At the EU foreign ministers' meeting on Monday, they are likely to approve new sanctions which will prohibit European companies investing in Burmese state-owned enterprises and prevent senior military figures from travelling to Europe.

Terrorism and climate change

At a showy opening ceremony, the delegates of the 39 countries filed into a lavishly furnished hall to an orchestral accompaniment.

Among the highest profile figures at the summit are the leaders of France, Germany, China and South Korea.

Speaking on behalf of the EU, Luxembourg Prime Minister Jean-Claude Juncker told delegates they need one another, even if they do not always share the same point of view.

Japan's prime minister, Junichiro Koizumi, said that stability and prosperity depend upon the rule of law and human rights.

The threat of terrorism was a recurring theme among other speakers, as were the risks posed by climate change and the need to strengthen the United Nations.

Sole forum

Some issues will be discussed in sharper focus.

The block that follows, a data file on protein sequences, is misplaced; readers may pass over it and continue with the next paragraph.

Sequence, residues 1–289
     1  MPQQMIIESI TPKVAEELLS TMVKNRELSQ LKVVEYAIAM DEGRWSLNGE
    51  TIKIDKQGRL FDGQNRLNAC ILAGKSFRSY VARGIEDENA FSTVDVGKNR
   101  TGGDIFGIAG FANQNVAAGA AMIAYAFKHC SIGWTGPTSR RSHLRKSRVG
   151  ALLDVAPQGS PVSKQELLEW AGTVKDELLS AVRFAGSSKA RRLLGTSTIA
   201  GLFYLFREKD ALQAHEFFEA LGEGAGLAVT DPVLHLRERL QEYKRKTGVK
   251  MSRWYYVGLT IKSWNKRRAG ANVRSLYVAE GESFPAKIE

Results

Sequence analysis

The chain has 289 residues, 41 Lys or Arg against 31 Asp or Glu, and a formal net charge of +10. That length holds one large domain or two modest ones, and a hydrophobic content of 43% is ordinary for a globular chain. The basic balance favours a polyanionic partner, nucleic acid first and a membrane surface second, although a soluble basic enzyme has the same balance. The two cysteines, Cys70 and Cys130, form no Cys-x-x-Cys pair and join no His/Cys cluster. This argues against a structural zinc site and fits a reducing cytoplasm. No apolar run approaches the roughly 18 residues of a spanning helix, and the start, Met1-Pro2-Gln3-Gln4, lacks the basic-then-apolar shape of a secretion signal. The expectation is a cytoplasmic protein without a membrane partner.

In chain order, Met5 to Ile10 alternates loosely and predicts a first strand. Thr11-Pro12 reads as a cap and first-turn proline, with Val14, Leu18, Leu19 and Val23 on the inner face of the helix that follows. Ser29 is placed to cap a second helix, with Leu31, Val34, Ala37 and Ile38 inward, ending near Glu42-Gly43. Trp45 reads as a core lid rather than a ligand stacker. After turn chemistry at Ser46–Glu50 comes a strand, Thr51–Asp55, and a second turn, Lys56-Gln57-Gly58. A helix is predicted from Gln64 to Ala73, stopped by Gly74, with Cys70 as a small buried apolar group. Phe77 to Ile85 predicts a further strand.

China wants the European Union to lift its 15-year arms embargo on Beijing and for hosts Vietnam, it is a chance to strike deals to consolidate its fast-improving economy and position as a gateway to the Chinese market.

Asem presents the only forum for the regions of Europe and Asia to speak directly with one another.

The greatest danger is that there is so much to discuss, nothing is decided.

But many of the European delegates are counting on strengthening relationships here in a region where the United States is so powerful.

Story from BBC NEWS:

http://news.bbc.co.uk/go/pr/fr/-/1/hi/worl...fic/3725580.stm

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Asia, Europe sidestep Burma

Asian and European leaders have ended their biennial Asem summit in Vietnam by calling on Burma to pursue democratic reforms.